Overall I was limited with shots I could say I would place up with my best which was a little disappointing, it wasn’t an easy location to shoot in, however I was delighted with a landscape shot I managed to capture for their natural habitat when walking back down from the hills to the river crossing, it was the perfect moment as the sun had just broke through from the clouds behind me which lit the landscape in front of me whilst capturing the dramatic dark skies in front of me, it turned out one of my best photographs which is something I can take from the day to use towards my final 20 images. My hopes for capturing shots using a pan technique I left for the second shoot which was a wildlife boat tour of Loch Insh later that same day.

Here are is a sample contact sheet of the best images I captured:ContactSheet-001I was pleased to capture the first image with a glare of light breaking through onto the reindeer and captured the closeup of the reindeer eating; the second image i favoured of the two reindeer with the landscape behind them; the third image was one of the fewer shots I captured of them grouped without the visitors in the shot with some of the landscape to the backdrop; I liked the 4th image again for the landscape with the reindeer grouped closer and the one standing closest which I liked for portraiture and the reindeer closeup eating with the backdrop; the final image was arguably my favourite shot, although landscape it is fitting for the habitat of much of the wildlife including the reindeer. The sunlight lighting the foreground set off with the dramatic dark skies to the backdrop.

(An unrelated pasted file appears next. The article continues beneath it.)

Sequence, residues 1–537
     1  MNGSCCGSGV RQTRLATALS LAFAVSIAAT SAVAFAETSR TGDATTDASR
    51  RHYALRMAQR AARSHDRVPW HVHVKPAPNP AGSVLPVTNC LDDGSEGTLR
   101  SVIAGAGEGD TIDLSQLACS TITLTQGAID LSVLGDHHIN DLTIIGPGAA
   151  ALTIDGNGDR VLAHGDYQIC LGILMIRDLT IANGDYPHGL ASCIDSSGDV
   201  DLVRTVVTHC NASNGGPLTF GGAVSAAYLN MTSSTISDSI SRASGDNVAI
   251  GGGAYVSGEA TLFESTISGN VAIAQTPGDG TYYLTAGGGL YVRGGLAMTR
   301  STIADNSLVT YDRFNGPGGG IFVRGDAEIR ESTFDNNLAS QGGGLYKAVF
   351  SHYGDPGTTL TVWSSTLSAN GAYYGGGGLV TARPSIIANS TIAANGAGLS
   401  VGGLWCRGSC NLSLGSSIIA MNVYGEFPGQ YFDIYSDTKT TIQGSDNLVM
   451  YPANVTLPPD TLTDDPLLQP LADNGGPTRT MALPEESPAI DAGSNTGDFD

Here is a sample contact sheet of images I did not prefer and mistakes:ContactSheet-002You can see from the first shot someone was standing in the shot and was very difficult to move as I was surrounded by other reindeer and people; second image was the mistake of over exposure which I had to correct for both my cameras; although I liked the stance of the reindeer, I also included this image to show shooting up hill as less desirable, although I liked the landscape; The fourth image shows the difficulty and limitations of capturing the reindeer with people walking around them; in the fifth image with the reindeer facing uphill it wasn’t a favoured shot especially for composition and finally the underexposure of the landscape river, again having to correct the exposure using my wide angle lens.